The deportation of foreigners remains a central domain to observe current and future changes as well as the limits of national and European immigration policies. Besides Nation-states, the European Union (EU) has been increasingly active in this field.

The “Green Paper on a Community return policy for illegal residents” published by the European Commission in 2002 can be considered as one of the first steps in this area within European migration policies. It highlights, on the one hand, the importance of cooperation between the member states and the need for common standards at the European level, and, on the other hand, the readmission agreements with third countries.

In this sense, several texts, such as the Directive of 16 December 2008 on common standards and procedures in Member States for returning illegally staying third-country nationals (2008/115/EC), also known as the ‘Return Directive’ can be mentioned. In addition, one can mention the Schengen Agreement and the Dublin Regulation III, called into question following the mass arrival of migrants in 2015. The two texts are closely linked to the increased use of technological instruments, in particular the EURODAC, a database containing the fingerprints of asylum seekers, and the Schengen Information System (SIS). These instruments also include the Visa Information System (VIS) collecting data about people who request a visa from a European country and the Entry/Exit System of the EU, presented by the European Commission in 2008. European databases show that the use of biometric data is especially put forward on the European level in order to cope with the lack of cooperation of deportees and the difficulties of identifying them.

On the national level, the deportation of different categories of foreigners has gradually become prominent on the agendas of the governments of several European countries since the mid- 1990s. The identification of foreigners to be deported emerged as a central issue for Nation- states. Besides, member states or states associated with the EU, such as Switzerland, use the abovementioned European instruments in order to identify and deport these foreigners.

Nevertheless, most migrants arriving in Europe are able to stay despite deportation orders against them and this fact constitutes the basis for European and national efforts to overcome the relative inefficiency of their deportation policies. In its Communication ‘on the European Union's Return Policy’ and in several other documents, the Commission of the European Communities (2014) underlines the ‘considerable gap’ between the number of people who have been served with a deportation order and the number of actual deportations. In this regard, the difficulty of identifying foreigners to be deported is considered as one of the major obstacles mainly due to avoidance strategies deployed by them in order to derail or interrupt the deportation process.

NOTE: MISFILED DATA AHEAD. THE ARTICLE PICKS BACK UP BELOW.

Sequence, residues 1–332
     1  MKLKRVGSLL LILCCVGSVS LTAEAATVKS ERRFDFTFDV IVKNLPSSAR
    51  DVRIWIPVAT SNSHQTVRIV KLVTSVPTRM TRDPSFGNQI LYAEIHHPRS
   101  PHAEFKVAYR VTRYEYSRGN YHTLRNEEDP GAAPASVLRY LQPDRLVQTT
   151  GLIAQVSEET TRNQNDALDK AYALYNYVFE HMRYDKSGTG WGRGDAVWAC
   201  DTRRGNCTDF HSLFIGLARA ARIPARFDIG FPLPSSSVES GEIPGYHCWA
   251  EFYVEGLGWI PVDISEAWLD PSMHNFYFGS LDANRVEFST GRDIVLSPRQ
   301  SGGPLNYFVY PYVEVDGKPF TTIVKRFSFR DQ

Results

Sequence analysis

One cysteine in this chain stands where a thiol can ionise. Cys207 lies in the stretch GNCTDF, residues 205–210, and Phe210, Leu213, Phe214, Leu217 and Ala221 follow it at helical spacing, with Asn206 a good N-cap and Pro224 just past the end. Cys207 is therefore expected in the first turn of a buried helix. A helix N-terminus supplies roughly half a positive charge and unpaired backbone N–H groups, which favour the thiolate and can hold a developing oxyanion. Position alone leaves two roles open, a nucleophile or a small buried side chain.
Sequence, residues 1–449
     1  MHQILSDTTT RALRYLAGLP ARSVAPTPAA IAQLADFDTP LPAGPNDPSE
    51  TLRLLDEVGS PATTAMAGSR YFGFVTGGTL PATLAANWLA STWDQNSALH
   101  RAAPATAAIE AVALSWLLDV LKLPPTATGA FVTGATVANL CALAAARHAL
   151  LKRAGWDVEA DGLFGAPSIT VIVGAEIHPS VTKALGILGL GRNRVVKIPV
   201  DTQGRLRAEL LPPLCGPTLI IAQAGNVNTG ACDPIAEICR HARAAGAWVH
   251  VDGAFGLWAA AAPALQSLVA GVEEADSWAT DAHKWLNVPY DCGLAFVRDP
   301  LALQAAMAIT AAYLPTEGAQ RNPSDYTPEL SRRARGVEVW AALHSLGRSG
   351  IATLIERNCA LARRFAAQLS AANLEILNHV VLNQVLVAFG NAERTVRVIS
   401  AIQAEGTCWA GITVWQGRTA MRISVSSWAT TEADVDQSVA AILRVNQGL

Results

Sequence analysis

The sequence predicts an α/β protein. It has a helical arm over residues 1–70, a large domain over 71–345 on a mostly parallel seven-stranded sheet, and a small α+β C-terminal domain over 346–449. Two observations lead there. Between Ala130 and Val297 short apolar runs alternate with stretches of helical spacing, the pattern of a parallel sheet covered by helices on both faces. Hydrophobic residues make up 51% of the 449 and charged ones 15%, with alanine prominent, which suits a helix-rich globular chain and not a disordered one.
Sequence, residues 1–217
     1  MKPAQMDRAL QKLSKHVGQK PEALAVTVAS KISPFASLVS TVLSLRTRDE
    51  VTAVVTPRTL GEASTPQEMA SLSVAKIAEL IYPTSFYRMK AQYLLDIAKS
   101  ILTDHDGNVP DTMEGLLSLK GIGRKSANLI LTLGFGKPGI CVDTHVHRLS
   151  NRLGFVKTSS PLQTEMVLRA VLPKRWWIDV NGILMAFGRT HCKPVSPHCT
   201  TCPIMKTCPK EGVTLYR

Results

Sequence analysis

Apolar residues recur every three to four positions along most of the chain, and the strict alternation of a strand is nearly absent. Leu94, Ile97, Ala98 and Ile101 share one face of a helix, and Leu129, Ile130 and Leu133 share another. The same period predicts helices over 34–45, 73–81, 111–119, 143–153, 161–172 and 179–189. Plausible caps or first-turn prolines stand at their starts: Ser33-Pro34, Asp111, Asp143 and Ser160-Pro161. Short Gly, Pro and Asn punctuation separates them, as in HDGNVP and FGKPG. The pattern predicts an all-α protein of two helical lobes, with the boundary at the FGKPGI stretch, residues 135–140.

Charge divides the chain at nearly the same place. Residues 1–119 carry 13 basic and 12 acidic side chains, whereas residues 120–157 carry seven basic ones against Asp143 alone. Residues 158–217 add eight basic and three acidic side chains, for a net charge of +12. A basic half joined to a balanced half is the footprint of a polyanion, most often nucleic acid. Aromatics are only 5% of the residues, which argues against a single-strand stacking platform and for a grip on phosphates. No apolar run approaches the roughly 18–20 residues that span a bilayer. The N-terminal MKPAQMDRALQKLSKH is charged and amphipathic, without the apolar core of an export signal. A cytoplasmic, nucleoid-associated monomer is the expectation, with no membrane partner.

This workshop will examine the identification process of foreigners to be deported and the use by Nation-states of the instruments and procedures existing for this purpose at national and European levels (such as EURODAC and the SIS). In this respect, the role of (biometric) control technologies is of central focus. The workshop will also analyse the strategies and means that foreigners threatened with deportation use to avoid identification and thus escape deportation. Moreover, a whole session will be devoted to comparative perspectives in the study of the deportation of foreigners in Europe and identification practices.

Papers could address, but are not limited to, the following topics:

  • description and analysis of the European technological instruments for the identification of foreigners to be deported;
  • in-depth and comparative analysis of the use of these European instruments by Nation-states;
  • analysis of resources, means, as well as avoidance strategies and actions used by foreigners to prevent their identification and deportation.

Abstract submissions

We welcome abstracts of no more than 500 words, including authors’ names, titles, emails and institutional affiliations by July 7th, 2017 at the latest. All proposals must be prepared in word format and submitted to Ibrahim Soysüren (This email address is being protected from spambots. You need JavaScript enabled to view it.) and Mihaela Nedelcu (This email address is being protected from spambots. You need JavaScript enabled to view it.). After assessment, the authors of accepted proposals will be informed by August 7th, 2017. A first draft of the papers is expected to be delivered by October 31st, 2017. It should be noted that the organizers intend to publish (as a special issue or an edited volume) all or a selection of papers after the workshop.

This workshop relates to the current research project: “Institutional uses of European technological tools for identification and avoidance strategies by foreigners to be deported in France and in Switzerland. Towards a Europeanization of the deportation of undesirable foreigners?” (Swiss National Science Foundation Grant FN 10001A_166142/1, 2016-2019)